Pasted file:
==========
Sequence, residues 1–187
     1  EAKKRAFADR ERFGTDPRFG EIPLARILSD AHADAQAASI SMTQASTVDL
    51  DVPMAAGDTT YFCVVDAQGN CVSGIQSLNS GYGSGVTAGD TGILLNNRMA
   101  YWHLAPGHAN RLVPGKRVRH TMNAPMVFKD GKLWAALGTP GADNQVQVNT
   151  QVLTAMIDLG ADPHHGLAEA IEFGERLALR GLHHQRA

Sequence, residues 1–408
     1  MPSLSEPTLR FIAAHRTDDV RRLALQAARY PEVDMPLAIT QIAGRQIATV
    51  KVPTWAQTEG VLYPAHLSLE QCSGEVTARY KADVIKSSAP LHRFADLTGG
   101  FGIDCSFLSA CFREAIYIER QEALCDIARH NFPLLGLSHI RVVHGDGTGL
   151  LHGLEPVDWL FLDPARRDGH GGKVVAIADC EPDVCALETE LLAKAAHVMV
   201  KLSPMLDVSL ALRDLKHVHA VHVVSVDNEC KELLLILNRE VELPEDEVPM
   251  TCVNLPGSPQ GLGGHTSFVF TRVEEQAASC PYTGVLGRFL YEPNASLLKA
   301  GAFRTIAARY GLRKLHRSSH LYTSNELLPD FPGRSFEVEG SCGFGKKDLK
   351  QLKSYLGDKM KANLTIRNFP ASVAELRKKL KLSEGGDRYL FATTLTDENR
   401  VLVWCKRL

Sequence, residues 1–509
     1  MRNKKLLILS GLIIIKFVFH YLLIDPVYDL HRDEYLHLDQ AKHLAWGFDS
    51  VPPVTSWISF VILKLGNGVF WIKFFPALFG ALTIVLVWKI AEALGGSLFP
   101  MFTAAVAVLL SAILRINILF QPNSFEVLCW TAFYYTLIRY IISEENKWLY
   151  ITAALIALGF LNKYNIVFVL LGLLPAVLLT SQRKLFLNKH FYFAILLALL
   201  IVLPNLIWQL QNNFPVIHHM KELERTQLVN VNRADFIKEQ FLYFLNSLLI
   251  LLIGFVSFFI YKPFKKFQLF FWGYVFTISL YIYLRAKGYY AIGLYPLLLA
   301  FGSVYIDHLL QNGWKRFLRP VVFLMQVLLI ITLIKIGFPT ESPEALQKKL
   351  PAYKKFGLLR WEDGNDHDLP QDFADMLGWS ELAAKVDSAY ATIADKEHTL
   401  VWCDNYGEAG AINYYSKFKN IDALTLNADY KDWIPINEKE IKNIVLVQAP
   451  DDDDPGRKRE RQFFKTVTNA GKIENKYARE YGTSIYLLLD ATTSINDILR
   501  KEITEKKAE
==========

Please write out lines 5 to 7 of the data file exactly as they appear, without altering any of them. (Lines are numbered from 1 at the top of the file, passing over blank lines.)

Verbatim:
   151  QVLTAMIDLG ADPHHGLAEA IEFGERLALR GLHHQRA

Sequence, residues 1–408
     1  MPSLSEPTLR FIAAHRTDDV RRLALQAARY PEVDMPLAIT QIAGRQIATV